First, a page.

Mini-Review Monday: Robin Hood: Prince of Thieves

Robin HoodRelease: June, 14 1991

Story: Robin Hood (an Englishman nobleman played by Kevin Costner) returns to England following his imprisonment in Jerusalem. He fought with King Richard the Lion Heart in the Third Crusade. The king is still out of the country, leaving his brother (Prince John, who is not or mentioned seen in this movie) to rule in his stead. Unfortunately, the Sheriff of Nottingham (played by Alan Rickman) is crooked and despicable. He abuses the poor and downtrodden, is nasty with women, kills unjustly, and strives for even more power. Upon his arrival home, Robin Hood finds his father dead and his home destroyed. Along with a man a fellow Jerusalem prisoner, Azeem (a Moor man played by Morgan Freeman); a blind friend; a band of outlaws from Sherwood Forest (led by John Little played by Nick Brimble); a woman he’s falling in love with, Maid Marian (Mary Elizabeth Mastrantonio); and a drunken Friar (Mike McShane), Robin hopes to reinstill hope in the oppressed people by steeling from the rich and giving to the poor. With the people’s support, Robin and his friends will be able to take down the Sheriff, his future seeing witch (yeah, she’s a really ridiculous and stupid idea), and his right hand man, his cousin Sir Guy of Gisbourne (Michael Wincott).

Thoughts: As a kid, I remember seeing some of Robin Hood: Prince of Thieves (1991) at  my dad’s. I’ve always been slightly curious about it since. Well, last night I finally popped it into the old Blu-ray player. I didn’t have high expectations. With that in mind, did it manage to be any good? Nope. It’s an under-researched, boringly acted, poorly designed, horribly choreographed, miscast, uninspired mess of a film. The only good things in it: Morgan Freeman, Mike McShane, and the music. Everything else is lousy.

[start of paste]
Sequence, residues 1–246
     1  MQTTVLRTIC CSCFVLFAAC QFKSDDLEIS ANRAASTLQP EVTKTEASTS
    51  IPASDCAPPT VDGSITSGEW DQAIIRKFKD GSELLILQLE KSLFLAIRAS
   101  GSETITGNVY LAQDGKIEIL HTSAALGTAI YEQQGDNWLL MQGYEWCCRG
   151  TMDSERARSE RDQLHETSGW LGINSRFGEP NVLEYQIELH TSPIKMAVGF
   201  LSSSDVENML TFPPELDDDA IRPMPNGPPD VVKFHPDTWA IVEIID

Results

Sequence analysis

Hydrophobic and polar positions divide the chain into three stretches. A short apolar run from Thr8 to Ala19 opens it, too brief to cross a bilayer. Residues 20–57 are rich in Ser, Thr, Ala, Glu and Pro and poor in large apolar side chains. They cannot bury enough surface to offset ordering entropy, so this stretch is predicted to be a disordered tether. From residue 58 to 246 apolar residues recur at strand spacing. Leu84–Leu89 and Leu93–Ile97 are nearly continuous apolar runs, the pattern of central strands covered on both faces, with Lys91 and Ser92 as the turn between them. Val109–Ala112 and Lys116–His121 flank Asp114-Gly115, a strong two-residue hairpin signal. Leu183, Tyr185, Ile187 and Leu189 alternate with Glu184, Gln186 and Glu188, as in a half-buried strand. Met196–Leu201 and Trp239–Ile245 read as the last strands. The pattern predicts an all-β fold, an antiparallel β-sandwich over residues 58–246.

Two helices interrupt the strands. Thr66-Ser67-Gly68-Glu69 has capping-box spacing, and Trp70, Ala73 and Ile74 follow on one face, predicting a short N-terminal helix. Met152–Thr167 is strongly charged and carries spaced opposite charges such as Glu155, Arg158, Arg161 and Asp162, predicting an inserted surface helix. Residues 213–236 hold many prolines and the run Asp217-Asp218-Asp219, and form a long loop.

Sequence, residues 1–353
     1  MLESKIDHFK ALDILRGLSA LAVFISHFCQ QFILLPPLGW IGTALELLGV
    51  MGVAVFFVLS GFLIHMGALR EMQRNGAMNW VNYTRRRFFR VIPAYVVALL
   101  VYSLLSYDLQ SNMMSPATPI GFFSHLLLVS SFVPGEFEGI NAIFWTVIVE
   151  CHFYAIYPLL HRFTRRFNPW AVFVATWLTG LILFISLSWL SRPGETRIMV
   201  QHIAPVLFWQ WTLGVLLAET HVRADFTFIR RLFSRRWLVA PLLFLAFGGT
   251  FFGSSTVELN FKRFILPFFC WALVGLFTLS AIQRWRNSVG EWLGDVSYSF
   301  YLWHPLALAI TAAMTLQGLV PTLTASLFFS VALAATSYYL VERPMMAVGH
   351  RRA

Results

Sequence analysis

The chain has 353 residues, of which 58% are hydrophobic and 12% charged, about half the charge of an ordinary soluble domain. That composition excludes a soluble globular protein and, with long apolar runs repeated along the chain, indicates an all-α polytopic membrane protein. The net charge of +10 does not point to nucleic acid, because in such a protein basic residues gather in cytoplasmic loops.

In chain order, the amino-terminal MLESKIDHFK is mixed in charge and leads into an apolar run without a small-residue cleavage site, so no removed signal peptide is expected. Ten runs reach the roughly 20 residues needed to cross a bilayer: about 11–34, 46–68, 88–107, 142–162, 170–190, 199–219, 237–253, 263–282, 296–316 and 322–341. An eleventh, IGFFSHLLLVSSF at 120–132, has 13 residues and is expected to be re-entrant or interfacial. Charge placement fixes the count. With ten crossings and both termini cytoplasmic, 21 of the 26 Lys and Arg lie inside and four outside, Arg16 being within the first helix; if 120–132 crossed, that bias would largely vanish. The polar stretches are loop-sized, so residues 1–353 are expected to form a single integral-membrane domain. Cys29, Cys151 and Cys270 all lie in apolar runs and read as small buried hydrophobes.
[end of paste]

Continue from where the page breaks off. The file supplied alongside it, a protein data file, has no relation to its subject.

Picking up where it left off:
Kevin Costner especially fails to impress. I’ve never liked Costner much. I’m in the camp that thinks he’s a bore. I just want him to express an emotion. One would be nice. I won’t criticize him for his lack of an English accent (that’s been done enough already), nor will I get into his lack of any romantic chemistry with Mastrantonio, but can I please talk about his total inability to look skilled with a sword. At least he’s better with one than Alan Rickman. I usually love Rickman but his over-the-top performance, while apparently being a hit with most people, does nothing for me. His sword fighting, highlighted in a climactic fight with Costner, is awful. Costner looks like he trained with a sword a little bit to prepare. Rickman appears to have only picked one up for the first time right before they filmed the fight scene. Needless to say, the bout between our hero and villain doesn’t hold a candle to ones in movies like The Princess Bride (1987) or The Mark of Zorro (1940), the latter starring Basil Rathbone who played Sir Guy in The Adventures of Robin Hood (1938). I haven’t seen the 1938 Robin Hood film with Errol Flynn, but I have seen Mark of Zorro (my review can be found here). The swordplay from Rathbone and Tyrone Power is masterful and is light years ahead of anything Costner and Rickman do in this film. It’s so forgettable and underwhelming that I can hardly remember any of it and I watched the film only the other day. But this whole movie’s forgettable. I’ll be surprised if I remember much of it at all in a couple weeks.

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